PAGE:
Mahouka Koukou no Rettousei – Episode 2

Management: I didn’t really intend this to be so brutal, but now that it’s finished and I’m looking over it… yeah. This one’s kinda merciless, and posting it makes me a little nervous. I don’t mean to directly attack anyone with this piece – it’s mainly about being aware of the subtext of media, and not letting things that appeal to our base needs trick us into bad attitudes. I wrote it both because I find the psychology of media interesting and because I think Mahouka is a perfect representation of some of media’s more questionable powers. If you like Mahouka, that’s totally cool, I’m not saying you’re wrong to enjoy it. If you’d rather have something more positive, please enjoy this delightful gif and check back next time.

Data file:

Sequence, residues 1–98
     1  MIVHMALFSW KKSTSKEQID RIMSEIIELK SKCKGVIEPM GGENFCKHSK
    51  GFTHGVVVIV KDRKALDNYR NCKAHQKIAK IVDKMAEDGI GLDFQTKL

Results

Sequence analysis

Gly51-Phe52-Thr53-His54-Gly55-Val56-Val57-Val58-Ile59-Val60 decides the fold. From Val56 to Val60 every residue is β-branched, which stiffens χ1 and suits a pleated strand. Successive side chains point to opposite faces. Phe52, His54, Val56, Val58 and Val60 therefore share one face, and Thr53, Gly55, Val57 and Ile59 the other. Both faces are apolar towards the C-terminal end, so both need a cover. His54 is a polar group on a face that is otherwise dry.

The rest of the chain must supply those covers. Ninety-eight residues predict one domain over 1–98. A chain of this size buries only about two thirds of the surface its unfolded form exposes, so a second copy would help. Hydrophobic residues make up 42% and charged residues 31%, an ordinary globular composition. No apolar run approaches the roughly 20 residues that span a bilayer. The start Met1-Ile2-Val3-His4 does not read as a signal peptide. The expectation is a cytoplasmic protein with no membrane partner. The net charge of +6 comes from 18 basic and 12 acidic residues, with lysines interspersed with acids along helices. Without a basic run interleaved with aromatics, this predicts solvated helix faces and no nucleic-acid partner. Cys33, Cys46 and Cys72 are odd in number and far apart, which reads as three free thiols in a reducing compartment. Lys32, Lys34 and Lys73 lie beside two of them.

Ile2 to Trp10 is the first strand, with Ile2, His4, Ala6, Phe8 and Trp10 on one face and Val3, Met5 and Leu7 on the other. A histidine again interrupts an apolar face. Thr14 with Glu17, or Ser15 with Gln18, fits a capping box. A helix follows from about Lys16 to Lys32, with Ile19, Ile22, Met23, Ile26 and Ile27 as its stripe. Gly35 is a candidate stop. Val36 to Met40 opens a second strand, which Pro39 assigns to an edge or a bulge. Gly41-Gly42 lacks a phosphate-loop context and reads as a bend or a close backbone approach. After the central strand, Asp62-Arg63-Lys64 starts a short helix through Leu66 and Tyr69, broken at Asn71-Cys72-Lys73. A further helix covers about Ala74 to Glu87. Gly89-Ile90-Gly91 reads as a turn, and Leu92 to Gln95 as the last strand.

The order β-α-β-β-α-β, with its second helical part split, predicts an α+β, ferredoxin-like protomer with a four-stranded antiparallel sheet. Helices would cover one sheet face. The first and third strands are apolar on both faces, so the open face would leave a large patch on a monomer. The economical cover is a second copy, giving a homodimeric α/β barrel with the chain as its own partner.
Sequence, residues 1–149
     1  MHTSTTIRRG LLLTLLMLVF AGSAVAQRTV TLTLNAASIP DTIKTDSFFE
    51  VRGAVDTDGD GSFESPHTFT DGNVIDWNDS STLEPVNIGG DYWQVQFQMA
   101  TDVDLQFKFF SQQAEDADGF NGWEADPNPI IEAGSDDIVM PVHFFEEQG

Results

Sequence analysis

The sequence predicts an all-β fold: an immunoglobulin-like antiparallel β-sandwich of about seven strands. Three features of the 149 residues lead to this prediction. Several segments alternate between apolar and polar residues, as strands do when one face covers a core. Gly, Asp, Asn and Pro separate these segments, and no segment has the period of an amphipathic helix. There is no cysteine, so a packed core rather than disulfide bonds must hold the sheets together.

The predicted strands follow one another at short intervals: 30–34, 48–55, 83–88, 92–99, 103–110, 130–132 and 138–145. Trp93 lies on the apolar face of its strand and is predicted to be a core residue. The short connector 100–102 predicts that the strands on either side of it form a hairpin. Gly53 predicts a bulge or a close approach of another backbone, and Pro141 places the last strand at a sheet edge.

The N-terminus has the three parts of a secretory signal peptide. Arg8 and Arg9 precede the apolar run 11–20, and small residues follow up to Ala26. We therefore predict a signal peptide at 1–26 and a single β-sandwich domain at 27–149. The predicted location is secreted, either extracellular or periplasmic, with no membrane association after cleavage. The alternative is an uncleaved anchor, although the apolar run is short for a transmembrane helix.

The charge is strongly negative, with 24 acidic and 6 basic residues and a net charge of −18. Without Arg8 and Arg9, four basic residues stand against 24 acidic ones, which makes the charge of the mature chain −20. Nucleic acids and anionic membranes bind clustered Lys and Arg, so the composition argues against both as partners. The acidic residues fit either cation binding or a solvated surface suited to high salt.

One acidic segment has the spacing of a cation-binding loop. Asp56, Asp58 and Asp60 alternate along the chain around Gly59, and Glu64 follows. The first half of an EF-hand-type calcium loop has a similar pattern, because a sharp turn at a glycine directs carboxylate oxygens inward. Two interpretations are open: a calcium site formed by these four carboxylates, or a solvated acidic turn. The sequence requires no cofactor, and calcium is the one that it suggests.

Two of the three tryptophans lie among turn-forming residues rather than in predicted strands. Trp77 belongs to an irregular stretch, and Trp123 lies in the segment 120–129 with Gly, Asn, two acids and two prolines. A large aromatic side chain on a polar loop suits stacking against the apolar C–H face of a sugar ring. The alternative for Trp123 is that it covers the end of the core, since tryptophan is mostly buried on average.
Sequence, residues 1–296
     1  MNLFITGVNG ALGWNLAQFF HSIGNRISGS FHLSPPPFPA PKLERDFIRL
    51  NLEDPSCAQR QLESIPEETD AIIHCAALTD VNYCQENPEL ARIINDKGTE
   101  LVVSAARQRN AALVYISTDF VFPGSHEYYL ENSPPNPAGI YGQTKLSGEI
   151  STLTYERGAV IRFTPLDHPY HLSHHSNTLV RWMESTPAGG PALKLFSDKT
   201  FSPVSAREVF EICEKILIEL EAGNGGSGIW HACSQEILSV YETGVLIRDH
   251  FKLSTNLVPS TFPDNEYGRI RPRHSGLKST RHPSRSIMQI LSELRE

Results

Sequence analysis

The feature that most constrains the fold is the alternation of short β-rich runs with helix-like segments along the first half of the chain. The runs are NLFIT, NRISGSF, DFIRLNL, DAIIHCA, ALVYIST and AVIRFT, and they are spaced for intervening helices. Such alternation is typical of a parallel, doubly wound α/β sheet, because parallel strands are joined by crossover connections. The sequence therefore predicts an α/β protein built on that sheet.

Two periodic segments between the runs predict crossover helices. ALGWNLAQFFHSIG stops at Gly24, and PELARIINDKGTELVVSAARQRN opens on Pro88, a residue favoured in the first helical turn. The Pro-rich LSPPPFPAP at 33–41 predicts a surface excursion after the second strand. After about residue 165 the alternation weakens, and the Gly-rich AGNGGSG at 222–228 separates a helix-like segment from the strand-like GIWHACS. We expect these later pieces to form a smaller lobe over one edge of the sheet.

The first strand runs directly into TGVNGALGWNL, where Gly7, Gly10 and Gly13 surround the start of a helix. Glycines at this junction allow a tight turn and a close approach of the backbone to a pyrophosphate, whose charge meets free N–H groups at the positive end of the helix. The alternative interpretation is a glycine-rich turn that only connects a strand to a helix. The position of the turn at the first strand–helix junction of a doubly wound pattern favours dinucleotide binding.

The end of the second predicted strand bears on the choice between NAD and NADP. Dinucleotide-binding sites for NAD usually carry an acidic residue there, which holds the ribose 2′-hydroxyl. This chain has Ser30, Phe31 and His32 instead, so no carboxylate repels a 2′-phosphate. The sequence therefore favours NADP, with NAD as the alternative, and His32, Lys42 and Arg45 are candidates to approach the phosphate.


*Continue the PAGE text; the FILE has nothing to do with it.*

There are a number of different ways to approach criticizing a text. You can criticize the beauty of the execution itself – how it obeys certain agreed-upon rules of aesthetic execution, and how it exists purely as an object to marvel at. You can try to put it in a given historical or social context, or explore the life of the creator to see what demons the text may be working to exorcise. You can isolate certain details, or try to fit the overarching structure into a certain aesthetic or psychological framework. You can talk about themes, both intended and unintended. You can work off your gut, your training, or some arbitrary ideal of perfect beauty.

Normally, I try to come to shows open to however they may strike me. If a show strikes me as entertaining, I’ll try to critique it as entertainment. If it strikes me as insightful, I’ll try to engage with its insight. All of this is deeply colored, of course, by my own priorities – I wouldn’t recommend myself as the premier source for critiques of action shows, for example. But Mahouka already seems like it will reward one specific, fairly compelling exploration, and so that’s what I’m probably going to focus on here.